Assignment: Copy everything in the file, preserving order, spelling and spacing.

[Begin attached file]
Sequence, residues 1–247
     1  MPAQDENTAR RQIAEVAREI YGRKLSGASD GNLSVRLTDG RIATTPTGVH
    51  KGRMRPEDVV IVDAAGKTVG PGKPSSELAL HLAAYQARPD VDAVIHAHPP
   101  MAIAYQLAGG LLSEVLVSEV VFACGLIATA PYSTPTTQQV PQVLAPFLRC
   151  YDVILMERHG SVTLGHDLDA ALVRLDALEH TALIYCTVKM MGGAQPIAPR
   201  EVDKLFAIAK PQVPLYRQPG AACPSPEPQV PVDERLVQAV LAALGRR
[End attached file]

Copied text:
Sequence, residues 1–247
     1  MPAQDENTAR RQIAEVAREI YGRKLSGASD GNLSVRLTDG RIATTPTGVH
    51  KGRMRPEDVV IVDAAGKTVG PGKPSSELAL HLAAYQARPD VDAVIHAHPP
   101  MAIAYQLAGG LLSEVLVSEV VFACGLIATA PYSTPTTQQV PQVLAPFLRC
   151  YDVILMERHG SVTLGHDLDA ALVRLDALEH TALIYCTVKM MGGAQPIAPR
   201  EVDKLFAIAK PQVPLYRQPG AACPSPEPQV PVDERLVQAV LAALGRR